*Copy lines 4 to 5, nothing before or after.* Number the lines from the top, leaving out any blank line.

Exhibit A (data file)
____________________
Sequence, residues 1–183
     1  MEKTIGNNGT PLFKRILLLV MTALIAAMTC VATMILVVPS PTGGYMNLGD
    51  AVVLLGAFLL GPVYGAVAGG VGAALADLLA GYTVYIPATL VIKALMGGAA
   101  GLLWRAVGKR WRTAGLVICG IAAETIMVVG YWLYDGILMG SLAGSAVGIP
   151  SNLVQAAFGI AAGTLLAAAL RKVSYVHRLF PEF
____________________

   101  GLLWRAVGKR WRTAGLVICG IAAETIMVVG YWLYDGILMG SLAGSAVGIP
   151  SNLVQAAFGI AAGTLLAAAL RKVSYVHRLF PEF